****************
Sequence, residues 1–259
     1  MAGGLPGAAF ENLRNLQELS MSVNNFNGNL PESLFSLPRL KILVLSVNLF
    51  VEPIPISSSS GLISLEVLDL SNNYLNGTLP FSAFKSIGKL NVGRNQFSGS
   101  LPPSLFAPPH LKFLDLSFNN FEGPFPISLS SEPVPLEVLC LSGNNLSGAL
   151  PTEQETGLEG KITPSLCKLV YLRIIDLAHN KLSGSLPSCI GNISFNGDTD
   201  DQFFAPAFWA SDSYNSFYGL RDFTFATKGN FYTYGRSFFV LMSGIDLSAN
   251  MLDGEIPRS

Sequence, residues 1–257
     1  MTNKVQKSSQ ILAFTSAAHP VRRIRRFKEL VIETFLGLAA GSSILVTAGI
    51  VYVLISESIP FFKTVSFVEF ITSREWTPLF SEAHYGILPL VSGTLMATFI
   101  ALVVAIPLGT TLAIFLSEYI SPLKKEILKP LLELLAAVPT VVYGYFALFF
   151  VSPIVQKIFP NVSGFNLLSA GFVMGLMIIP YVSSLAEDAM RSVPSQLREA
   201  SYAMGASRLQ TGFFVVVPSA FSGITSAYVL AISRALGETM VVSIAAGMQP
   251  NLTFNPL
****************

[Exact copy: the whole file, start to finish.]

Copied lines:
Sequence, residues 1–259
     1  MAGGLPGAAF ENLRNLQELS MSVNNFNGNL PESLFSLPRL KILVLSVNLF
    51  VEPIPISSSS GLISLEVLDL SNNYLNGTLP FSAFKSIGKL NVGRNQFSGS
   101  LPPSLFAPPH LKFLDLSFNN FEGPFPISLS SEPVPLEVLC LSGNNLSGAL
   151  PTEQETGLEG KITPSLCKLV YLRIIDLAHN KLSGSLPSCI GNISFNGDTD
   201  DQFFAPAFWA SDSYNSFYGL RDFTFATKGN FYTYGRSFFV LMSGIDLSAN
   251  MLDGEIPRS

Sequence, residues 1–257
     1  MTNKVQKSSQ ILAFTSAAHP VRRIRRFKEL VIETFLGLAA GSSILVTAGI
    51  VYVLISESIP FFKTVSFVEF ITSREWTPLF SEAHYGILPL VSGTLMATFI
   101  ALVVAIPLGT TLAIFLSEYI SPLKKEILKP LLELLAAVPT VVYGYFALFF
   151  VSPIVQKIFP NVSGFNLLSA GFVMGLMIIP YVSSLAEDAM RSVPSQLREA
   201  SYAMGASRLQ TGFFVVVPSA FSGITSAYVL AISRALGETM VVSIAAGMQP
   251  NLTFNPL